I don't remember the first time I shaved my legs, but it was probably around the time I got my first period. When I was that age, it seemed like shaving my body hair was as inevitable as getting my period - it was a rite of passage, even.
The idea of removing and maintaining body hair is so ingrained in women’s minds that there are entire industries dedicated to waxing, plucking, and threading it.
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A woman must be well-maintained. Groomed, even, down to her smallest of strand of pubic hair, in order to be considered in good health. And this maintenance is directly equated with a woman’s worth, particularly in the public eye.
Growing up, one of the hardest parts of being a woman was constantly being told that you could look better. You could be better, if only you were more beautiful. Businesses create products and advertise them as the secret to beauty — which ultimately translates to the secret to health.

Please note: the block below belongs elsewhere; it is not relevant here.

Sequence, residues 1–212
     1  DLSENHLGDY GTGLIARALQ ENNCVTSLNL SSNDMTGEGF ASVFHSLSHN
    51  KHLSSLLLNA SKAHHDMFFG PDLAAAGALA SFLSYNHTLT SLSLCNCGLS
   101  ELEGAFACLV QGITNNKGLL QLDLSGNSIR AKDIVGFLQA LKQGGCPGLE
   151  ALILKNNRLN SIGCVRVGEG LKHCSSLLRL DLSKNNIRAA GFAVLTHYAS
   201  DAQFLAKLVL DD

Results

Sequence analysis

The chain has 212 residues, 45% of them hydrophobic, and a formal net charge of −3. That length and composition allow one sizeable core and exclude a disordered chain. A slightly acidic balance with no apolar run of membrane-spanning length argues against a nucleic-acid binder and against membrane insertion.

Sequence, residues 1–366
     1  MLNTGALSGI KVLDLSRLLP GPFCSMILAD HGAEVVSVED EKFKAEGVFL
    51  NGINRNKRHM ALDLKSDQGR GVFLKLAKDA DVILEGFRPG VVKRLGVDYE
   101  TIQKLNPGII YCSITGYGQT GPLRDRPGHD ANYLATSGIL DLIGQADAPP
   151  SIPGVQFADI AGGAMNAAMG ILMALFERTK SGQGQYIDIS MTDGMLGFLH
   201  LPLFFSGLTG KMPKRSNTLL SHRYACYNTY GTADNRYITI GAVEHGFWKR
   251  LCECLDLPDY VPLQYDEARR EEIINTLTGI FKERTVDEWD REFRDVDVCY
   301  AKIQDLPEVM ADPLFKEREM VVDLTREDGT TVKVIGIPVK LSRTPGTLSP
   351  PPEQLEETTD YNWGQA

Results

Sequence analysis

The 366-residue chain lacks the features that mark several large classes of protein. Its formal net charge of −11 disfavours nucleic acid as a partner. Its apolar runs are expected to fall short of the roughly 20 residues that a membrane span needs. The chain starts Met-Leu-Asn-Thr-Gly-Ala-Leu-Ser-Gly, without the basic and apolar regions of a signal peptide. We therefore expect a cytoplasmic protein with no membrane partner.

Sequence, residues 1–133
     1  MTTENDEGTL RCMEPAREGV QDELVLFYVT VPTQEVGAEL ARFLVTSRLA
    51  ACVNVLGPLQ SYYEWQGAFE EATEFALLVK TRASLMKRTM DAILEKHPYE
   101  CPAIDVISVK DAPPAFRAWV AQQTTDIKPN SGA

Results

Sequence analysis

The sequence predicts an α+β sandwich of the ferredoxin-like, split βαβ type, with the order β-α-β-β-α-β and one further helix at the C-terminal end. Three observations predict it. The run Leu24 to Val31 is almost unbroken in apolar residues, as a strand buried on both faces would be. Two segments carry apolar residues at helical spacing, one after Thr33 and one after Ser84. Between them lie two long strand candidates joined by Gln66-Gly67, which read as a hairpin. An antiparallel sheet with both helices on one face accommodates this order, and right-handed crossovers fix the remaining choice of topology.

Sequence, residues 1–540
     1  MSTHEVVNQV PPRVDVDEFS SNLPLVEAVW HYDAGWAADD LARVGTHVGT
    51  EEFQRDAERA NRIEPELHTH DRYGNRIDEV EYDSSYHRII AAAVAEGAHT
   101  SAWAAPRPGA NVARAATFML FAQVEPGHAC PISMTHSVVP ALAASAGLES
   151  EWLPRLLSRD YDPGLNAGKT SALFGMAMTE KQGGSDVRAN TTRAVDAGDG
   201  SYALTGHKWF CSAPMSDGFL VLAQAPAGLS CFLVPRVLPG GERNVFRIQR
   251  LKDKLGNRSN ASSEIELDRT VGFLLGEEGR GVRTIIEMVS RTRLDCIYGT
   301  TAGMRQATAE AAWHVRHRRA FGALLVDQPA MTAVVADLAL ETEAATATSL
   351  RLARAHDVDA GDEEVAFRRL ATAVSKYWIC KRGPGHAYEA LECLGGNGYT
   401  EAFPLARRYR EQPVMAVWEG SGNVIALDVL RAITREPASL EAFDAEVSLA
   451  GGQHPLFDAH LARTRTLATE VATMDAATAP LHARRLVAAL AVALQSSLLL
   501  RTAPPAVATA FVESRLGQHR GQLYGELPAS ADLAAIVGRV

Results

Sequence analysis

In my experience as a twenty-something woman, these are four of the most common beauty and women’s health myths I bought into but subsequently kicked from my mind completely.
1. Having hair on your body is unclean.
Many myths such as these construct a narrow point of view of what constitutes “good health” among women. When women have hair on their bodies, it’s common socially to equate that hair with being “dirty” or unclean.
When I was in high school, sometimes I’d feel ashamed if I went too many weeks without shaving my legs. If someone saw the dark, coarse strands protruding from my ankles on hot summer days, I’d feel a pang of embarrassment. It meant I was unkept, lazy, and “letting myself go.”
In hindsight, these emotions were such a waste of valuable time.
Humans don’t have hair on their bodies for no reason. A human being is still an animal, after all. Hair is meant to insulate our bodies, to protect us, and provide sensory functions.